Statement made by
COP26 concluded with agreement by all Parties to the historic Glasgow Climate Pact. This Pact, combined with increased ambition and action across mitigation, adaptation, and finance means that the goal of limiting global temperature rise to 1.5°C remains in sight. But it will only be delivered with concerted and immediate international efforts.
Today, I want to update the House on our priorities for the Presidency Year, to ensure we build on and secure the legacy of our COP Presidency and the UK’s international reputation as a climate leader.
Delivering the Glasgow Climate Pact
Throughout the UK’s Presidency year, we will work with Egypt as incoming Presidency, the UNFCCC Secretariat, and to convene Parties to deliver on the agreed outcomes in the Glasgow Climate Pact. In doing so we will continue to champion science, especially the IPCC and its major reports in 2022, and the urgency of action. The Paris Agreement made promises and now Glasgow’s legacy is focused on delivery.
In the context of the latest climate science, all countries have agreed to revisit and if necessary strengthen their 2030 targets for urgent action this decade. Progress was made in the run up to Glasgow and in our Presidency year, we will work with all Parties to deliver on this commitment and go further and faster to close the gap to a 1.5°C pathway. This will include working with countries to explore further sectoral action and public and private opportunities for investing in their low carbon resilient transition. We will work with the UNFCCC and other international organisations, and seek to use the calendar of international events in 2022 to progress this work. We look forward to working closely with Egypt and the UAE, as incoming COP27 and COP28 Presidents, and with Germany and Indonesia, respectively G7 and G20 Presidencies, to ensure commitments and agreements made at COP26 are built upon and delivered.
Adaptation, loss and damage
At COP26 we made significant progress on adaptation and boosted efforts to deal with climate impacts. The Glasgow-Sharm el Sheikh Work Programme on the Global Goal on Adaptation was launched, for which four mandated workshops will be held in 2022. Developed countries also agreed to at least double their collective provision of climate finance for adaptation to developing countries by 2025. This is a significant step forward which will help reduce vulnerability, strengthen resilience and increase the capacity of people and the planet to adapt to the impacts of climate change.
We will work with countries to come good on this commitment, increasing the availability, efficiency and accessibility of adaptation finance for climate vulnerable countries and providing support and leadership to initiatives that are part of the UK’s Presidency mandate.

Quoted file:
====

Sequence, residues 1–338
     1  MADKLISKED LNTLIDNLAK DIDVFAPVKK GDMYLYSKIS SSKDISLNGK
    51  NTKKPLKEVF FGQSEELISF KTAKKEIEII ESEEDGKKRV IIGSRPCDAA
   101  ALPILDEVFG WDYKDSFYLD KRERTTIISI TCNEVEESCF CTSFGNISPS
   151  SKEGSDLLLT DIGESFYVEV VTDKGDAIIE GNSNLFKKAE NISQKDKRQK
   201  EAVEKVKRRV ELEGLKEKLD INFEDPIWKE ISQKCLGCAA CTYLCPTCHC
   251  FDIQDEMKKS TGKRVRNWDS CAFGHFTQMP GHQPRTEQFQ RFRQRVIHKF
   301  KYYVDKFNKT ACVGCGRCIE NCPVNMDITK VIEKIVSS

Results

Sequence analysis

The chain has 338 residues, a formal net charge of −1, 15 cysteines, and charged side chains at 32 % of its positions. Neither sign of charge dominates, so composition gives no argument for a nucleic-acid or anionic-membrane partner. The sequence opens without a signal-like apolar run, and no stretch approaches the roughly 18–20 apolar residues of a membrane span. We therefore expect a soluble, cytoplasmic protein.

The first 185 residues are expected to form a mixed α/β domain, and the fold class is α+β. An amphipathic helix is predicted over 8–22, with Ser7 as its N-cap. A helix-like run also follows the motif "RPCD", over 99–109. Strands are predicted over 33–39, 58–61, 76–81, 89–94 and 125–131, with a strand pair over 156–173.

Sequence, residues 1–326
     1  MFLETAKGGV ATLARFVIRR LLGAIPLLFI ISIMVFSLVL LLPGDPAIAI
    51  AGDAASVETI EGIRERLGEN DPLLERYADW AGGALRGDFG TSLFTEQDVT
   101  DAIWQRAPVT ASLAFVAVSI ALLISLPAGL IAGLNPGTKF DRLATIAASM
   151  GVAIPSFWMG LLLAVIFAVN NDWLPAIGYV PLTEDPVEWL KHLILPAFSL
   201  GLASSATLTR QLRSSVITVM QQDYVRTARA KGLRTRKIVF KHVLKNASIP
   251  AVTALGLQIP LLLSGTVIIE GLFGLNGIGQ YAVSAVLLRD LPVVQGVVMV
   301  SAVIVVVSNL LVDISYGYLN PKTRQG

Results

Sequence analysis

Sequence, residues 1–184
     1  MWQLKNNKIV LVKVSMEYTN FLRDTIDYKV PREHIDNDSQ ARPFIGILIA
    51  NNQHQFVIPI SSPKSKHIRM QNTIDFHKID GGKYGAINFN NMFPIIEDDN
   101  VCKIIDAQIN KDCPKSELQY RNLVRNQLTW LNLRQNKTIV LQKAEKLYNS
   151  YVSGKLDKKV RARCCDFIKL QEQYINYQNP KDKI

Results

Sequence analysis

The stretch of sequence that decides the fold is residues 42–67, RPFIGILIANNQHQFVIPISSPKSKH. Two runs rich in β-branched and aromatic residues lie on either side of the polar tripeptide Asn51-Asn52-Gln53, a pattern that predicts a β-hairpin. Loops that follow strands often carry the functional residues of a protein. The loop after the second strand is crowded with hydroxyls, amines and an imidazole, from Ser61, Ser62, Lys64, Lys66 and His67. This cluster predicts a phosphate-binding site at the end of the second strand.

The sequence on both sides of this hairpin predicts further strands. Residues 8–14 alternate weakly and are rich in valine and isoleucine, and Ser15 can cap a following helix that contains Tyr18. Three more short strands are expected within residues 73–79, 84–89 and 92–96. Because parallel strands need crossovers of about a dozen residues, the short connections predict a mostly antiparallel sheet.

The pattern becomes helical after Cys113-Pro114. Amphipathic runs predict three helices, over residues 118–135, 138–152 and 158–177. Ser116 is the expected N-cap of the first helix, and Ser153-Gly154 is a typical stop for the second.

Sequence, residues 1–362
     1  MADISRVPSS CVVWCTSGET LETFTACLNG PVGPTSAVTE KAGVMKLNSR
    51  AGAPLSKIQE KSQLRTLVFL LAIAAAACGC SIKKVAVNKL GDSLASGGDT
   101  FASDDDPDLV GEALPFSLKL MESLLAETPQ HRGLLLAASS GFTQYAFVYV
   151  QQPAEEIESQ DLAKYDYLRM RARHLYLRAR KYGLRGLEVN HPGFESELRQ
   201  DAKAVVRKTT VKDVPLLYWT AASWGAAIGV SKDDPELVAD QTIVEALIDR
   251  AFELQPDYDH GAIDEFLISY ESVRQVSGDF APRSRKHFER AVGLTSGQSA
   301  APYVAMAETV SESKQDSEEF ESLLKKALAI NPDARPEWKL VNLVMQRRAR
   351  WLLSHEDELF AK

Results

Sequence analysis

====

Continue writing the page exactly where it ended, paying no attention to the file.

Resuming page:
Loss and Damage was a critical issue at COP26 and we have moved into a new phase focused on action. Under our Presidency we will ensure progress continues to be made through the new Glasgow Dialogue on arrangements for funding relevant activities, and making sure the Santiago Network on Loss and Damage gets up and running.
Under the UK’s Presidency, 95% of the largest developed country climate finance providers made new commitments, with many doubling or even quadrupling their support for developing countries to take climate action. These pledges mean that we can provide confidence that the $100 billion finance goal will be met by developed countries and multilateral development banks by 2023 at the latest, with $500 billion being delivered over the period 2021-2025. We will continue to build momentum on mobilising the $100bn per year to support developing countries, including increased finance to help vulnerable countries cope with climate impacts. We will also oversee the start of the new ad-hoc work programme on the new collective quantified goal.
We have improved financial flows to those most vulnerable by launching the Access to Finance Taskforce with Fiji, including a commitment of £100 million of funding to support climate vulnerable countries to deliver on their climate plans. Pilots will be launched in Bangladesh, Fiji, Jamaica, Rwanda and Uganda. Building on the South African Just Energy Transition Partnership model and the UK’s leadership of the G7, we will explore new opportunities for transformational, country-led climate action through the Clean and Green Initiative. In this context, we will also champion climate action as a core component of the work of international financial institutions, to support the delivery of Paris-aligned growth and development.